A 73-year-old treasure hunter recently discovered a penis-shaped silver pendant in Kent County, England. Scientists speculate that it was worn around the neck to protect a man from misfortune. The artifact is nearly 2,000 years old.
Ancient Roman writers such as Marcus Terentius Varron (lived from 116 BC to 27 BC) and Pliny the Elder (23-79 AD) mentioned in their writings that the phallus and its images had the power to protect man from evil.
The pendant (or amulet) is about 3.1 cm in size with a tiny ring on top for a lanyard or chain. The find has been dated to the time when the Romans controlled England, between 42 and 410 AD.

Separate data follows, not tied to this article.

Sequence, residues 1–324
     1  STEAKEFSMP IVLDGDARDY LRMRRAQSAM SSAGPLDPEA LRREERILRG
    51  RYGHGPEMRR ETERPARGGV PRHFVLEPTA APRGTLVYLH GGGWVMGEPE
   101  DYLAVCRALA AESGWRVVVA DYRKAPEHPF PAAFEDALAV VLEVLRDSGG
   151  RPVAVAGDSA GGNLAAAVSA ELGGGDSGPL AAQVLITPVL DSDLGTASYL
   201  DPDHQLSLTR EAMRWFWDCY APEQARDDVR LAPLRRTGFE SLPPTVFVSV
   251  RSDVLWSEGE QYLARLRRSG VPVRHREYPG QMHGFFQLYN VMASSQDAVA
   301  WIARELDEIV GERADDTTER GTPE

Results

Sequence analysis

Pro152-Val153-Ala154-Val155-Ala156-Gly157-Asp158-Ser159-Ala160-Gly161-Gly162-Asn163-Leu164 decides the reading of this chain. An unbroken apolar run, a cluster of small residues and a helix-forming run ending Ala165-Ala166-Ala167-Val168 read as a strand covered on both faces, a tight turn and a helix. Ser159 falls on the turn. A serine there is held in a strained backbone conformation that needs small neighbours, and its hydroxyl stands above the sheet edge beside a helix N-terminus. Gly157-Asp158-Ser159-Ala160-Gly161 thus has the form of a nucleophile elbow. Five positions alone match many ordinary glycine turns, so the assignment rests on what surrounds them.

Although such penis-shaped amulets were often found throughout Roman Britain, they were usually made of a copper alloy rather than silver, like the one found in Kent. “Being a better metal than copper alloy, silver may have enhanced the phallus’s protective abilities,” Laurie Rogerson of the Center for Antiquities in Britain told us. – Archaeological evidence suggests that their use was very popular in the Roman army.”
The artifact has already been classified as a national treasure.
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